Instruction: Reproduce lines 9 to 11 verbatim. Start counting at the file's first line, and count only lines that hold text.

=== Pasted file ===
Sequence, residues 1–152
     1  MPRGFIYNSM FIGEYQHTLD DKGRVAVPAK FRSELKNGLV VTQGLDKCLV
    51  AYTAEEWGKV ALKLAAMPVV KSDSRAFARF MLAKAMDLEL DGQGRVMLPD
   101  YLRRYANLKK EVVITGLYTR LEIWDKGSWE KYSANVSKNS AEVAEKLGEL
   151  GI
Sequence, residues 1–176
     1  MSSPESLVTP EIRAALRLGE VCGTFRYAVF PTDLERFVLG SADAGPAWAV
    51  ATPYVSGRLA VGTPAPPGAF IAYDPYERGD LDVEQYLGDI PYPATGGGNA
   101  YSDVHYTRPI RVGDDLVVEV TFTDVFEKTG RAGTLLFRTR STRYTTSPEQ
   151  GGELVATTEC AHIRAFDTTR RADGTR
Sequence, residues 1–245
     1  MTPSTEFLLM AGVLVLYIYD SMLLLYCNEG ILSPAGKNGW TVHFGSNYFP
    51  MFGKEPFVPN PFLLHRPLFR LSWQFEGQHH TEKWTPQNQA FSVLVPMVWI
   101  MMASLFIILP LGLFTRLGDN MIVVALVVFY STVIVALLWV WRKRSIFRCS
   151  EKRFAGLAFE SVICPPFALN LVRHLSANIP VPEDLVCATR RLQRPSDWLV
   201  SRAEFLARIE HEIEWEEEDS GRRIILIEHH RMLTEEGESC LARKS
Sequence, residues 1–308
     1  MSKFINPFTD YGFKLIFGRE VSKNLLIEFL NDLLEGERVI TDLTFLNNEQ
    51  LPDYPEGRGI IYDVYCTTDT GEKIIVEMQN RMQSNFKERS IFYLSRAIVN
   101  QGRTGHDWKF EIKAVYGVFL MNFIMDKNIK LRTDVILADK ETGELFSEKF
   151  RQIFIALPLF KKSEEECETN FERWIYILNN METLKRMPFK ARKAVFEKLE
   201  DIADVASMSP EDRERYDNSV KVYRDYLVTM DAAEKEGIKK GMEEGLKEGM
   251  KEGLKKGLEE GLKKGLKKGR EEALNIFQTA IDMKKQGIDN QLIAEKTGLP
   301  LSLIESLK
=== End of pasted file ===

   101  YSDVHYTRPI RVGDDLVVEV TFTDVFEKTG RAGTLLFRTR STRYTTSPEQ
   151  GGELVATTEC AHIRAFDTTR RADGTR
Sequence, residues 1–245